Briefly describe the monotest.
Ans. Serum or plasma of the patient is placed on the microscopic slide. It is then mixed with Guinea Pig Kidney Antigen and Preserved Hose Erythrocytes. Mix the reagents thoroughly and incubate the slide for 1 minute. If agglutination is there this test is positive.
What virus is usually associated with this disease? What other disease are also associated with this virus?
Ans. Epstein–Barr virus is associated with Infectious mononucleosis. Other diseases associated with Epstein–Barr virus are Burkitt's lymphoma,] Hodgkin's lymphoma, gastric cancer, nasopharyngeal carcinoma, multiple sclerosis, and lymphomatoid granulomatosis. Gianotti–Crosti syndrome, erythema multiforme, acute genital ulcers, oral hairy leukoplakia.
What would the physician do next?
Ans. Infectious mononucleosis is self-limiting, hence physician will suggest for rest. Physician will ask to take plenty of water. Physician will advise for salt water gargle for throat. Physician wil advice for avoiding heavy physical activity for around 1-2 months. Also physician will prescribe NSAID to reduce fever and pain, also physician will prescribe anti-inflammatory drugs for tonsils.
If it is still negative, what test(s) can be ordered to confirm the diagnosis?
Ans.Test for presence of cytomegalovirus infection and Toxoplasma gondii infections can be performed.
What viral antibodies or antigens are commonly available?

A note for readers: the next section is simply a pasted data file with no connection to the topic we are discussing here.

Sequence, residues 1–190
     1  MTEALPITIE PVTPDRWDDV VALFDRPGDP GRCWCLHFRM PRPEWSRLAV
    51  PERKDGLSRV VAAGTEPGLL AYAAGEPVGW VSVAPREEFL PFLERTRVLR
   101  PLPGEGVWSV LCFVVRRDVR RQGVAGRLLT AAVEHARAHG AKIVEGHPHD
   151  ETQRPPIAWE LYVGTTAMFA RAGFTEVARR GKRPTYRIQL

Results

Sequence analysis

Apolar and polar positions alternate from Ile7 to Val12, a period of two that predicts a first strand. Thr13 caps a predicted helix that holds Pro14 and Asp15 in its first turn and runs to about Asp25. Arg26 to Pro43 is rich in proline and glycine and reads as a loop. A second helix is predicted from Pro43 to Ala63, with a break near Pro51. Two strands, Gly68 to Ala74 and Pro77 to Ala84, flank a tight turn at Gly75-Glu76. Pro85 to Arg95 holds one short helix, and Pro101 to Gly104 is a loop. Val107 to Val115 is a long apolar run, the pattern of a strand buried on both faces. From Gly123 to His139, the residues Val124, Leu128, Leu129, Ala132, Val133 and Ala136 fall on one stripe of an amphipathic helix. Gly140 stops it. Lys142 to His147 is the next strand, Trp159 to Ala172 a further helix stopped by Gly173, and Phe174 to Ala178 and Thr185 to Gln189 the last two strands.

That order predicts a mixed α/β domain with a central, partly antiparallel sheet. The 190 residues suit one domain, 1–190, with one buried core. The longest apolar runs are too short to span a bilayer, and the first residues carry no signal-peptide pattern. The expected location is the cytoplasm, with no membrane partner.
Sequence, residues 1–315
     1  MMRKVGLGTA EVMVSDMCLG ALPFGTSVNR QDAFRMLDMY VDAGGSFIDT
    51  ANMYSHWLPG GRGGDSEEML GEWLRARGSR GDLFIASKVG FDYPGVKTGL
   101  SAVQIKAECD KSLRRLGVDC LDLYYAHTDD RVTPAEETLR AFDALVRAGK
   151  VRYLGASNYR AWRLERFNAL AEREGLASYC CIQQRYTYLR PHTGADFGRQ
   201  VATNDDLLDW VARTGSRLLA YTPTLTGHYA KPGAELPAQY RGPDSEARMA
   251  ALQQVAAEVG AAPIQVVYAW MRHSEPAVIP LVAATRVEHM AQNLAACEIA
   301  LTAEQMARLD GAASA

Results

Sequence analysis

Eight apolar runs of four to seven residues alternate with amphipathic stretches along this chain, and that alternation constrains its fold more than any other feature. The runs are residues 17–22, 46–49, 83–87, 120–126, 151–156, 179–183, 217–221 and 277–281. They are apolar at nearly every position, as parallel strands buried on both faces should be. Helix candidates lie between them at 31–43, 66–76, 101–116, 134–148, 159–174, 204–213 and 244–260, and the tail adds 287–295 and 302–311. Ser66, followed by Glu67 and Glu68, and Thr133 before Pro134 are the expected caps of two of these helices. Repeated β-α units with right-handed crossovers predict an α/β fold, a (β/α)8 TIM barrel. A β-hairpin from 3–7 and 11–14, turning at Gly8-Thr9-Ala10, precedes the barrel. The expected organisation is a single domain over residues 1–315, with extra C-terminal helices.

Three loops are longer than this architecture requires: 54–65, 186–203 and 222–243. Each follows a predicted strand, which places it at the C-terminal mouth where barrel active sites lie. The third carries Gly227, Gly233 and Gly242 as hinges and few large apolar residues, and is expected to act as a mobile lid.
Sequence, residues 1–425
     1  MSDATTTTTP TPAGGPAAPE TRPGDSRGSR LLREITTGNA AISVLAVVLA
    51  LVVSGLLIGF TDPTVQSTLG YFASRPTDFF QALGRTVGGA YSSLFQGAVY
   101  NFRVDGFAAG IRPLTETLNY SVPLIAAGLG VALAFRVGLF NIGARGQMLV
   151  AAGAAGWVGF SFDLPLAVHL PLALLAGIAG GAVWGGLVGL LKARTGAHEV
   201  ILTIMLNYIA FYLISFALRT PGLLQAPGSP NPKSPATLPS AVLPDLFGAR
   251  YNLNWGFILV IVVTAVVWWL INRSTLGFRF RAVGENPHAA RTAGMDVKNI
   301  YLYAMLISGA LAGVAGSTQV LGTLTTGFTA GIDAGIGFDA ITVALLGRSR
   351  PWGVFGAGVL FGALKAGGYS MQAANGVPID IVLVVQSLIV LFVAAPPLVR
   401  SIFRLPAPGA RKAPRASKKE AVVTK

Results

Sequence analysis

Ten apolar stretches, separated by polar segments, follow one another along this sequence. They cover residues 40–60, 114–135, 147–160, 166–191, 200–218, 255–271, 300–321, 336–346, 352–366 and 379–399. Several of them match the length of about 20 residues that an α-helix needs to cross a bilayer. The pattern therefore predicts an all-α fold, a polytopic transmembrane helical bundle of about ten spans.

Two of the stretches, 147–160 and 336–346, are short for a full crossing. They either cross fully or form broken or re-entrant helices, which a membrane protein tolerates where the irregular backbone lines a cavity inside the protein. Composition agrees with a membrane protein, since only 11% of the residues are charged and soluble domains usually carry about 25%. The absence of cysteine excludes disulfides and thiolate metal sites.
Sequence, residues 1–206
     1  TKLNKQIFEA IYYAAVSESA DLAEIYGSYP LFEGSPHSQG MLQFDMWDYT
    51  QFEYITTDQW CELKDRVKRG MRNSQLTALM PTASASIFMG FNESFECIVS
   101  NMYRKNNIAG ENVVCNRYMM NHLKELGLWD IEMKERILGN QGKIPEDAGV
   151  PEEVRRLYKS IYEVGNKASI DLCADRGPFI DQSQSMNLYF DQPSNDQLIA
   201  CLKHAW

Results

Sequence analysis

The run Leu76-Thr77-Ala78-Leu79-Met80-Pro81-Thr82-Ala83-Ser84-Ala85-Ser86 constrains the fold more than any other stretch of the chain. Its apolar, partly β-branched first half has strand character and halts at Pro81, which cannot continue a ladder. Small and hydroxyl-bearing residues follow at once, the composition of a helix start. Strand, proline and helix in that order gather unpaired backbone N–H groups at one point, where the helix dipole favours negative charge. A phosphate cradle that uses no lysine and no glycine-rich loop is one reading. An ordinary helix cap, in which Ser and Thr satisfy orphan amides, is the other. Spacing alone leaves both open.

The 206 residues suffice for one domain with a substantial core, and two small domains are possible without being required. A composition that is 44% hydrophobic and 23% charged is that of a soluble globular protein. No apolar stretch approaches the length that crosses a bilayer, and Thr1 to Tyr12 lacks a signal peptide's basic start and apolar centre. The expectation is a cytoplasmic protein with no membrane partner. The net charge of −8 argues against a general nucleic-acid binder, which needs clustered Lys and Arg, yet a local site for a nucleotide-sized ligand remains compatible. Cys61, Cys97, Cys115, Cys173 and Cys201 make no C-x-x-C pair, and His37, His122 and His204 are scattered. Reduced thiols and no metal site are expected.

Ans. Commonly available viral antibodies are IgG and IgM
At what stage of the disease are they found?
Ans. These antibodies appear at the different stages of the disease. IgM appears at the start of the infection and IgG appears at the time of recovering from the infection.
What other viruses are also associated with this disease?
Ans. Other viruses associated with disease are Cytomegalovirus , human herpesvirus 6 , HIV, toxoplasmosis, and hepatitis virus.
What other more serious, life life-threatening diseases must be ruled out?
Ans. Following are the life-threatening diseases must be ruled out : Fulminant hepatitis, Burkitt's lymphoma, Hodgkin lymphoma, gastric carcinoma, pyothorax-associated lymphoma
What organ system is associated with the abnormal chemistry test?
Ans. As there is the increase in the ALT, AST and Bilirubin, Liver is associated with abnormal chemistry test.